|We were about a 1/4 mile behind the big yellow Life balloon. Thousands of people in front of us, thousands of people behind.|
The estimate for today's March for Life was over 200K+ participants. How exciting, considering that the Office of Personnel Management, in a move that baffled most people from the Washington, D.C. area, announced that the Federal Government would be closed until 11am today. The threat of ice was too hazardous to have people travel into the District of Columbia or surrounding areas to government agencies.
Odd, Fairfax County public schools were on time, and most other counties had only a two hour delay. The Federal Government will typically offer liberal leave on days that offer questionable wintry weather conditions, but to close until 11 am, on the day of the March for Life, well that was something that made a few people scratch their heads -- myself included.
With the marchers fired up and ready to go, there was an electricity in the air that seemed to exceed prior marches. The youth rally required people to be up and out of their homes and en route to the dangerously icy D.C. at 5am. Everyone arrived at the Verizon Center filling it and cheering for the cause of the unborn's right to life. My daughter was one of those who attended the rally.
The rest of us headed down to D.C. around 12pm with rain ponchos and boots, ready to march. We merged into the March, and off we headed to the pass by the Supreme Court and offer prayers for the scourge of abortion to end in our country.
Surprisingly, there were very few counter protestors. They must have heeded the weather warnings. When 200K+ people show up in your city to march peacefully and exercise their right to free speech, you expect something of a counter protest. I personally saw no one. Someone else that was with a different group said there were about 5 people that were standing on a corner shouting at marchers.
Or, maybe they just didn't feel the urge to rally a counter protest based on the President's less than impassioned commentary on the anniversary of Roe vs. Wade. Here's what he said:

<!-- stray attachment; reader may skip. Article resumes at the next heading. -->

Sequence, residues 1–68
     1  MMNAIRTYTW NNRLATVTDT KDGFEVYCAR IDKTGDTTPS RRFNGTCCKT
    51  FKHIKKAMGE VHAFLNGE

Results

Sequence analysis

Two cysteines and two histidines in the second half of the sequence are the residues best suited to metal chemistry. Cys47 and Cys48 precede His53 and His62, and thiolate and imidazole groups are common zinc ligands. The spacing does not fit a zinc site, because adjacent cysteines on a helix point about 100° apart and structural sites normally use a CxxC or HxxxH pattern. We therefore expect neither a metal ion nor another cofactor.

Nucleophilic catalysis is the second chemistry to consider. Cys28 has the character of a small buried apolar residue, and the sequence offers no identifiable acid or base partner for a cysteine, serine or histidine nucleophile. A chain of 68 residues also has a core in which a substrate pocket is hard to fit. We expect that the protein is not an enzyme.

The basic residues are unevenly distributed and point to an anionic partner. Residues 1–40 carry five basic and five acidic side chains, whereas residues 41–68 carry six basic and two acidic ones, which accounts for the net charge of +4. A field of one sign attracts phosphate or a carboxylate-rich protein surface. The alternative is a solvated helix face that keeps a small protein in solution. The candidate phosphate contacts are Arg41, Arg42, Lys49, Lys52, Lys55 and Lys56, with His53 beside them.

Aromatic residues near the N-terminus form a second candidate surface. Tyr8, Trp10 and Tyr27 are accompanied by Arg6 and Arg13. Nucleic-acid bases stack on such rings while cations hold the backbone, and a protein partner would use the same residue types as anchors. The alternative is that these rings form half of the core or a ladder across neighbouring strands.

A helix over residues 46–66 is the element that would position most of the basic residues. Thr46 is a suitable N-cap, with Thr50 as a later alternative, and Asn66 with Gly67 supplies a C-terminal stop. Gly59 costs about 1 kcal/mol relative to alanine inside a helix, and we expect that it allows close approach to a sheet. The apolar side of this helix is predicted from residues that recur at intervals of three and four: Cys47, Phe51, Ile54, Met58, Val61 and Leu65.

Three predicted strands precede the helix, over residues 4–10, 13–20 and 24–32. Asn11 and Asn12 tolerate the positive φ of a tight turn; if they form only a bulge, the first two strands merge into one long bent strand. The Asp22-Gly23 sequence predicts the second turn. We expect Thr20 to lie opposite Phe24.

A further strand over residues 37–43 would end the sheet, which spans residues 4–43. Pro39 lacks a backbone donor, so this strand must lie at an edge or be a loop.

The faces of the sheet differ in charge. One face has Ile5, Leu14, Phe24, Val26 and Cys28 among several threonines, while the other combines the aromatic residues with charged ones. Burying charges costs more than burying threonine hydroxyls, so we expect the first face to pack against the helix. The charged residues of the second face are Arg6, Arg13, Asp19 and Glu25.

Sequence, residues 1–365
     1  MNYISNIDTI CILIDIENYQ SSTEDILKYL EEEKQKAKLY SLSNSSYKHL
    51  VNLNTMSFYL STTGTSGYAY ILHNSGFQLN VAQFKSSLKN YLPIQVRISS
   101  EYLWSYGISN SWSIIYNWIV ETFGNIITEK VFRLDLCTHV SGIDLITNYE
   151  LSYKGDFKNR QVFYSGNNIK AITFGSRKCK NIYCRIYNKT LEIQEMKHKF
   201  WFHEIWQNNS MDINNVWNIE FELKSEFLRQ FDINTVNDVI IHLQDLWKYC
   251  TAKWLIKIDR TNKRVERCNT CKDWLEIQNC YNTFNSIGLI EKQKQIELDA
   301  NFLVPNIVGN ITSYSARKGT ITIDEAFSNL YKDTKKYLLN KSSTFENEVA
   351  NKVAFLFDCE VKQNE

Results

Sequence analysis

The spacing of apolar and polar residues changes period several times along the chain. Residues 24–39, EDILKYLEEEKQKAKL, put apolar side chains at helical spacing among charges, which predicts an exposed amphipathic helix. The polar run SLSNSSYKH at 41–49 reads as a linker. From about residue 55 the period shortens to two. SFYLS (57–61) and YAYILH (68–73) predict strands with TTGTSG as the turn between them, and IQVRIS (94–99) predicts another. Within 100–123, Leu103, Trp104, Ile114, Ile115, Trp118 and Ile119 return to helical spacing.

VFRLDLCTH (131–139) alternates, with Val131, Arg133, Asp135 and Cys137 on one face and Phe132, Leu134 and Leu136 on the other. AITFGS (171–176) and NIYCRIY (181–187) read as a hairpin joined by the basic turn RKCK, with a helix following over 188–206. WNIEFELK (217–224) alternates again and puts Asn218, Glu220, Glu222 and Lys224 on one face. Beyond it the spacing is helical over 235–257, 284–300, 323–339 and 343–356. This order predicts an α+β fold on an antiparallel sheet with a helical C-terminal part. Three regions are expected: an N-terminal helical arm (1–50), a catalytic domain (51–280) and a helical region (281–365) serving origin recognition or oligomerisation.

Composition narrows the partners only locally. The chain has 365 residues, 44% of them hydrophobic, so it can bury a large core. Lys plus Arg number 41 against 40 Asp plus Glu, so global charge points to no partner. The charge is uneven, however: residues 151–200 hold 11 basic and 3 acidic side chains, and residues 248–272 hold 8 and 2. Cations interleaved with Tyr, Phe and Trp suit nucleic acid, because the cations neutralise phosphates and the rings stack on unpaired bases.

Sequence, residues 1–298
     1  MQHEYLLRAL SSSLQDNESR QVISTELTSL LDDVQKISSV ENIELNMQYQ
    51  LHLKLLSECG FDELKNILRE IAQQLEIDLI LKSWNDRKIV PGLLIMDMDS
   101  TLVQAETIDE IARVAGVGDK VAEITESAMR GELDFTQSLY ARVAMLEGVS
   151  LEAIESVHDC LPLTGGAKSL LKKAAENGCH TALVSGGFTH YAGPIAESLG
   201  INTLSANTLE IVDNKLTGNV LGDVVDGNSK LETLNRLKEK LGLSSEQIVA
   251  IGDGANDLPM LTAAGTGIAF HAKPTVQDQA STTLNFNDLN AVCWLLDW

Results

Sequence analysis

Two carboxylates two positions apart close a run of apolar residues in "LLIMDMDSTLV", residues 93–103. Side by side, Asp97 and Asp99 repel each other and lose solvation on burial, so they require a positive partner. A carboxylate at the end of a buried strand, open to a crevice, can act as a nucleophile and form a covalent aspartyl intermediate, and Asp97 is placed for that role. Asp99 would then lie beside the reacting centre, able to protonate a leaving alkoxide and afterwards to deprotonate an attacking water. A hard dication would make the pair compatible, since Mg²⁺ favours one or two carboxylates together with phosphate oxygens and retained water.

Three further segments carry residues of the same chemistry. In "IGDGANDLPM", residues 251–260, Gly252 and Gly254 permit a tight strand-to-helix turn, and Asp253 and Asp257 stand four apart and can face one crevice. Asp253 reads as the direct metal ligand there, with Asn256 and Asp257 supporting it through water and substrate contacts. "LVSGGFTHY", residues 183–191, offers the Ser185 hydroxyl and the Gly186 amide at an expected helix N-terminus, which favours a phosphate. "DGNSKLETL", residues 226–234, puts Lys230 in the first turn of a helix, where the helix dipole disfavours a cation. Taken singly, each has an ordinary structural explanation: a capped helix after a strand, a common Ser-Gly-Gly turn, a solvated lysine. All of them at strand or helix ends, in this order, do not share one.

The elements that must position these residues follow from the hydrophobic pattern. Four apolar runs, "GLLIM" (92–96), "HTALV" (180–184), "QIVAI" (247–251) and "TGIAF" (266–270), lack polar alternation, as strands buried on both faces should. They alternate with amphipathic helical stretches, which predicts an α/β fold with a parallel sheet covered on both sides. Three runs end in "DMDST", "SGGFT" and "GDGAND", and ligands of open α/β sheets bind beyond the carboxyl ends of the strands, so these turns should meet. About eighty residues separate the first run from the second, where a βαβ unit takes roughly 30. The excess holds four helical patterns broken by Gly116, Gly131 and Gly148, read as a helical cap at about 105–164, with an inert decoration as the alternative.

As we mark the 39th anniversary of Roe v. Wade, we must remember that this Supreme Court decision not only protects a woman’s health and reproductive freedom, but also affirms a broader principle: that government should not intrude on private family matters. I remain committed to protecting a woman’s right to choose and this fundamental constitutional right. While this is a sensitive and often divisive issue—no matter what our views, we must stay united in our determination to prevent unintended pregnancies, support pregnant woman and mothers, reduce the need for abortion, encourage healthy relationships, and promote adoption. And as we remember this historic anniversary, we must also continue our efforts to ensure that our daughters have the same rights, freedoms, and opportunities as our sons to fulfill their dreams. (from barakobama.com)A paragraph. Ho hum...I guess killing babies is just too common place. Not much thought went into a statement that makes this comment: "ensuring that our daughters have the same rights, freedoms, and opportunities as our sons to fulfill their dreams.
When's the last time an abortion was performed on a man? The same rights, huh? What on earth is he talking about? Babies shouldn't limit a woman's opportunity to excel in the work place? Really? Who will work if women don't have babies?
Well, 200K+ people showed up today to peacefully disagree with what's in that paragraph. This event can't simply be dismissed. The internet is bigger than ABC, CNN or any of the other media outlets that will try to down play the significance of the March for Life. And try as they might to derail it, you can't control the weather and you will never be able to. How lame to manipulating the weather reports and close down the government.
200K+ people still came, still marched and still voiced their disapproval of a law that allows for the innocent to be slaughtered often for matters of simple convenience. That fact cannot be denied.
And the voice of the opposition -- seemingly mute. A sign of hope for the future.